Blackston v. GA. DEPT. OF PUBLIC SAFETY

Annotate this Case

618 S.E.2d 78 (2005)

274 Ga. App. 373

BLACKSTON et al. v. GEORGIA DEPARTMENT OF PUBLIC SAFETY.

No. A05A1319.

Court of Appeals of Georgia.

July 12, 2005.

Certiorari Denied October 24, 2005.

David A. Sleppy, Cathey & Strain, Cornelia, Lisa J. Bucko, Paul B. Mazur, Atlanta, for appellants.

Thurbert E. Baker, Attorney General, Loretta L. Pinkston, Assistant Attorney General, for appellee.

PHIPPS, Judge.

The question in this appeal is whether the Georgia Tort Claims Act (GTCA) provides the Georgia Department of Public Safety (DPS) with immunity from liability from a claim that the reckless high-speed pursuit of a fleeing vehicle by certain Georgia highway patrolmen resulted in a collision causing serious personal injuries. Answering this question in the affirmative, the superior court granted the DPS's motion to dismiss. We agree with the superior court and affirm.

The following facts are undisputed: City of Powder Springs Police Sergeant Jeffrey Hogan observed Dajuan Lamar Jackson operating an automobile with a broken taillight while weaving. Hogan attempted to effect a traffic stop, but Jackson sped up and began *79 running stop signs and red lights to elude the officer. Hogan then pursued Jackson in a high-speed vehicular chase joined in by other local law enforcement officers and by Georgia State Patrol (GSP) Troopers Larry Cowell and Kyle McSween, who followed Jackson into an oncoming lane of traffic. The chase ended at an intersection where Jackson, driving his automobile in the oncoming lane, collided head-on with a vehicle operated by Shelly Blackston.

To recover for personal injuries and loss of consortium, Blackston and her husband brought this action against the City of Powder Springs, the DPS, and Jackson. The Blackstons charge the law enforcement officers with having violated Georgia's "authorized emergency vehicles" statute,[1] by acting with reckless disregard for proper law enforcement procedures in initiating and continuing the high-speed pursuit. The Blackstons claim that under the GTCA,[2] the DPS has waived its sovereign immunity.

In reliance on the "method of providing law enforcement" exception to the state's waiver of sovereign immunity in the GTCA,[3] the DPS moved to dismiss for lack of subject matter jurisdiction on the ground of sovereign immunity. Citing Hilson v. Dept. of Public Safety,[4] the superior court granted the motion to dismiss and directed the entry of final judgment as to the DPS under OCGA § 9-11-54(b). The Blackstons appeal.

As it appears that the superior court considered the numerous depositions in the record and other documentary evidence, in addition to the pleadings, in ruling on the DPS's motion to dismiss,

the motion was converted to one for summary judgment. Accordingly, we must determine in this appeal whether, under the summary judgment standard of review, the defendant[ ] met [its] burden of showing that there was no genuine issue as to any material fact and that [it was] entitled to judgment as a matter of law. In making such determination, we review the evidence de novo.[5]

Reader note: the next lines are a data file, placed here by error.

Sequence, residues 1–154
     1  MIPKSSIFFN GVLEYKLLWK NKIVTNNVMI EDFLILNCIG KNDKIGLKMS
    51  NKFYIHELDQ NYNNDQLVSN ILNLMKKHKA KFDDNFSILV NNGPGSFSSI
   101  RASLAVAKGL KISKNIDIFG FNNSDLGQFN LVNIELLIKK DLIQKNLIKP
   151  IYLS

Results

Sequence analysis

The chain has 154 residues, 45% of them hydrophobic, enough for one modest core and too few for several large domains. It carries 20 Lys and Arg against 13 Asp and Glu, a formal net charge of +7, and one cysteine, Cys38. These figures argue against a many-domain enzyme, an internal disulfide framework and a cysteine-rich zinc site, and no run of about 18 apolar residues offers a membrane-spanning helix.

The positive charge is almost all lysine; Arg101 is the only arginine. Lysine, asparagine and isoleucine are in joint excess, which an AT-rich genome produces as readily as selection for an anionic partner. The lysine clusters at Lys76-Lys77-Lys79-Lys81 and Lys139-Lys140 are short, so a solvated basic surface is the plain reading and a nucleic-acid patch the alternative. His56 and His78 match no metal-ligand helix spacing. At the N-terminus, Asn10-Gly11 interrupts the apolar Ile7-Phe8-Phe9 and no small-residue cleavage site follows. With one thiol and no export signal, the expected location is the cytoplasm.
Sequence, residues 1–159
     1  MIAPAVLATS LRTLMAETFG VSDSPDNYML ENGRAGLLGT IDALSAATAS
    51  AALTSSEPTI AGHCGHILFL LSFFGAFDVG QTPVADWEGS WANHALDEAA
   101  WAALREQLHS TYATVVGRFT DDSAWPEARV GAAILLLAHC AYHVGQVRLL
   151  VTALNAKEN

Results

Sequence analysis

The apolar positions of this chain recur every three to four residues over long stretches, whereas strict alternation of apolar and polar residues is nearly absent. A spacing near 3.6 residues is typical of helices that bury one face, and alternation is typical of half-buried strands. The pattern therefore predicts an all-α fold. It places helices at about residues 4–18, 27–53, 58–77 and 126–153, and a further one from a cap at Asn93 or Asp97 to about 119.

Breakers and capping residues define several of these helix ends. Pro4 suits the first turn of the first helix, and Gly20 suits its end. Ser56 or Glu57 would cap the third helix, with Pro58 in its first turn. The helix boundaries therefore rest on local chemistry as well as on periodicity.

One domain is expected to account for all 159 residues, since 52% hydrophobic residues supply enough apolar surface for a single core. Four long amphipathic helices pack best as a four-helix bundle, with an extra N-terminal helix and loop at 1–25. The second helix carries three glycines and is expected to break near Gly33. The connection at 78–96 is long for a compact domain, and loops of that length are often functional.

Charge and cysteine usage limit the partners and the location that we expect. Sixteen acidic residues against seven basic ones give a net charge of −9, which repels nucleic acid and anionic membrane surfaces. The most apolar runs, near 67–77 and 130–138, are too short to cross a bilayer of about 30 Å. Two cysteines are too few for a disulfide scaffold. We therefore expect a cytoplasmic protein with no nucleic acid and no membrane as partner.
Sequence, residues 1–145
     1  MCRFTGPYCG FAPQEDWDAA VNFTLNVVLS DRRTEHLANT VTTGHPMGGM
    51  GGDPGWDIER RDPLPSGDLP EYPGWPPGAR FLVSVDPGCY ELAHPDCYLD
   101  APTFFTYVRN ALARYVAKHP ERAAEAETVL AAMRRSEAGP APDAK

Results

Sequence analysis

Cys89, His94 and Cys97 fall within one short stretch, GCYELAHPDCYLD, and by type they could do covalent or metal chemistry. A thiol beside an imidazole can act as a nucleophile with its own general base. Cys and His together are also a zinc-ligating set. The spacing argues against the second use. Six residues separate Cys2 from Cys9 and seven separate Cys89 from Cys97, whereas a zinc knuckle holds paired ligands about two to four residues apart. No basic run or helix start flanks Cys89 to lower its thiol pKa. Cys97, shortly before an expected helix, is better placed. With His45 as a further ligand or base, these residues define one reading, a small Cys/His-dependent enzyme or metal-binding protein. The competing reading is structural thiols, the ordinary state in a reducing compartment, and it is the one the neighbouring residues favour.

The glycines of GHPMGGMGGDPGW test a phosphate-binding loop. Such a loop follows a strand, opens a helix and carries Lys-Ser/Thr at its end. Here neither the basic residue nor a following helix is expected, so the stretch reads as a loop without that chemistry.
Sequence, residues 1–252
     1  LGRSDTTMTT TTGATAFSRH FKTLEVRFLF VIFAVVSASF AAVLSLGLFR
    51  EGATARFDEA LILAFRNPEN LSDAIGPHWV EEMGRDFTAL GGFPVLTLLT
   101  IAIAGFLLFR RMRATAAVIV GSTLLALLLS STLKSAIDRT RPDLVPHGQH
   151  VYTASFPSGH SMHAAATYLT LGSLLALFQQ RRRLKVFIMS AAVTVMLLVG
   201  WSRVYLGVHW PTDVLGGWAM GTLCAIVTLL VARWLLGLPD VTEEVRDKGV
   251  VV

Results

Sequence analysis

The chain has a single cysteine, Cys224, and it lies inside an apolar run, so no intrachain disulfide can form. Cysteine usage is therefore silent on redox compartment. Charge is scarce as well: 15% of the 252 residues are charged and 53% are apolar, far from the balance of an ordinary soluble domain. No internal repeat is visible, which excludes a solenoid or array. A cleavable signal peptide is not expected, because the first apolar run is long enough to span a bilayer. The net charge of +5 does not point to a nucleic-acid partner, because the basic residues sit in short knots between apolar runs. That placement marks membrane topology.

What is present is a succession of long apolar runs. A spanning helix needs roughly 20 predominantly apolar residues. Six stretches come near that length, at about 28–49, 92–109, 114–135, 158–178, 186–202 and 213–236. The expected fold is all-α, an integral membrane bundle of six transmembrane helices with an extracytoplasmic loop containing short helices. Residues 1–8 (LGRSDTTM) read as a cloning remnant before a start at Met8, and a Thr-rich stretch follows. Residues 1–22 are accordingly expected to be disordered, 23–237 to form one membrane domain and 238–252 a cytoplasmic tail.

The GTCA declares it to be the public policy of this state that the state (and its departments and agencies) shall only be liable in tort actions within the limitations of the GTCA.[6] The GTCA's waiver of sovereign immunity of the state for the torts of state officers and employees while acting within the scope of their official duties or employment is subject to exceptions set forth in OCGA § 50-21-24.[7] Under OCGA § 50-21-24(6), the state shall have no liability for losses resulting from "the failure to provide, or the method of providing, law enforcement, police, or fire protection."

Hilson was a negligence action against the DPS. In that case, an automobile operated by Hilson was involved in a collision with a vehicle driven by Georgia State Trooper Rufus Grace while the state trooper was chasing another speeding vehicle. We affirmed the superior court's grant of the state's motion to dismiss under OCGA § 50-21-24(6). We broadly held: "Chasing a speeding vehicle is a method of law enforcement *80 subject to this exception."[8] We noted that "[a]lthough the statute does not define `method,' Webster's New World Dictionary defines it as a `way of doing anything.' [Cit.]"[9]

The Blackstons seek to distinguish Hilson by arguing that in this case, unlike in Hilson, there is evidence that the state troopers were pursuing the fleeing vehicle in violation of written procedures for vehicular chases in the GSP Policy Manual. We cannot agree.

The Blackstons charge the state troopers with having violated written procedures in the GSP manual generally prohibiting more than three patrol cars from engaging in a pursuit at one time and specifically prohibiting troopers from joining in a pursuit unless requested to do so by the pursuing agency. Troopers McSween and Cowell testified without contradiction, however, that the policy manual's three-patrol car limitation only applies to GSP vehicles and, therefore, was not violated where, as here, only two GSP vehicles were involved in the chase. The officers further testified, again without contradiction, that broadcast of a police chase over a local police radio frequency is considered a request for assistance from GSP troopers where, as here, the troopers are present in the jurisdiction and are monitoring the frequency with the knowledge of local law enforcement authorities.[10] Moreover, as stated in our opinion in Hilson, State Trooper Grace was transporting prisoners during the vehicular chase in that case.[11] That too was a violation of the GSP's chase procedures. The trooper's negligence in enforcing the law in a manner that deviated from departmental procedure did not, however, abrogate the state's sovereign immunity in that case.[12] Nor, therefore, would it here.